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This guide has been integrated into the Tripal developer's handbook, found here.

Ontologies: what and why?

Tripal 3 requires all bundles and fields to be associated with a Controlled Vocabulary (CV). CVs are dictionaries of defined terms (CVterms) that make data machine-accessible, ensuring uniform terms are used across experiments, organisms and websites. Without CVterms, our scientific knowledge might be split by "dialects". Plant biologists might study temperature stress, while animal biologists study heat shock. Each group might benefit from the knowledge of the other, but they use a different vocabulary to describe the same thing, so they never discover eachother's findings. CVterms make this easier not just for people, but especially for machines.

Ontologies take this a step further. Where CVs were controlled lists of CVterms, ontologies are a controlled language, that include things like relationships. Now we can say that heat shock is a type of stress, or that a gene belongs to an organism.

Tripal leverages this system to make way for the future of the symantic web. Because every bundle and field you define in Tripal will be associated with a CVterm, it's important to use the EMBL-EBI Ontology Lookup Service and to think carefully about the terms you use to describe your objects. It's also important to understand how Chado and Tripal utilize these CVs and to be aware of some of the trickier cases.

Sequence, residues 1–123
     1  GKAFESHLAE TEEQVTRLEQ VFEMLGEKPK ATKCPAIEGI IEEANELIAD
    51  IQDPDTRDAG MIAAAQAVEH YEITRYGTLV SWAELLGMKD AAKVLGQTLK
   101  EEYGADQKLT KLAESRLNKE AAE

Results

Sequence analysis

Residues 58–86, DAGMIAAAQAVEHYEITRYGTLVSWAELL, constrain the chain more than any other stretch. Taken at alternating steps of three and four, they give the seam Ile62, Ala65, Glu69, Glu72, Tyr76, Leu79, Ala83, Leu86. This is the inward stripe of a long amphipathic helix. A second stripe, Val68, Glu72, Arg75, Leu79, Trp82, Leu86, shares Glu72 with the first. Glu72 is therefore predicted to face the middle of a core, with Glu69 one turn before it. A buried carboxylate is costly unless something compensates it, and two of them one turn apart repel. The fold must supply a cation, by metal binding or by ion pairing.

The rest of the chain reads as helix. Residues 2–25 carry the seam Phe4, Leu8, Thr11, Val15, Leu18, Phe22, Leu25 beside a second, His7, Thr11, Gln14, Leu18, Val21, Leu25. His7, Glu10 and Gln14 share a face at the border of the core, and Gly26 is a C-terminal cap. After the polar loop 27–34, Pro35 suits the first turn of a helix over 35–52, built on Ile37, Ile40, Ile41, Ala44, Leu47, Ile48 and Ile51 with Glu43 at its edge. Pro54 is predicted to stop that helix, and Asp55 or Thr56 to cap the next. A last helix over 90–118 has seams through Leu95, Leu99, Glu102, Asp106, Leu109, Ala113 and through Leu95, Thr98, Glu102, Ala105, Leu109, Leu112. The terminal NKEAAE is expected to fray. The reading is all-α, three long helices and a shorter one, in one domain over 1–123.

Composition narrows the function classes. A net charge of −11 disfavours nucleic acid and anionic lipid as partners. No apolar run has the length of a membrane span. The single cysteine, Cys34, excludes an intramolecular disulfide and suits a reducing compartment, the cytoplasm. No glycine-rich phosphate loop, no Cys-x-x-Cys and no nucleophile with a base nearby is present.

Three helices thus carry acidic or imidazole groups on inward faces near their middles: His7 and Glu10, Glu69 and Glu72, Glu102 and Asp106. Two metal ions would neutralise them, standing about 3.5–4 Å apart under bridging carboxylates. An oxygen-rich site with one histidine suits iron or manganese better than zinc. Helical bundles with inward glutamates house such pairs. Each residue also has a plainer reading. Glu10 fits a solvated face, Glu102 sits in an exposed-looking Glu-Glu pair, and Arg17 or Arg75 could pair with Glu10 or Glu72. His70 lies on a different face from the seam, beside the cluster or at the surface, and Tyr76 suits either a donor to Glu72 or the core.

CVs are defined in two tables in Chado: DB and CV. As you'll see below, in the simplest example, DB will be the same as CV. The terms themselves exist in CVterm. The CVterm table has a foreign key to CV (CV_id) and a foreign key to DB (dbxref_id): this is how DB and CV are indirectly linked. The term accession will always take the form of DB:accession. This is why Chado juggles the CV and DB sometimes: it needs to consistently build URL linkouts that will go to that term in the right vocabulary.

In some cases, the DB and CV names will not match. For example, the sequence ontology is called sequence in the CV table and SO in the DB table. Believe it or not, there's a reason for this: the OBO namespace for the Sequence Ontology is sequence, not SO.

The Golden rule

How can you tell what the DB and CV values will be for a field, without going to the table itself? The information is in the EMBL-EBI Ontology Lookup Service. At the top of the page, there is a teal box with the CV table value and an orange box with the DB table value and accession number. The teal box /CV table is overwritten by the has OBO namespace value in the Term Info table on the right side.

Below are three examples showing this rule in action, and the corresponding insert statements.

A simple example: Ontology for Biomedical Investigation (OBI)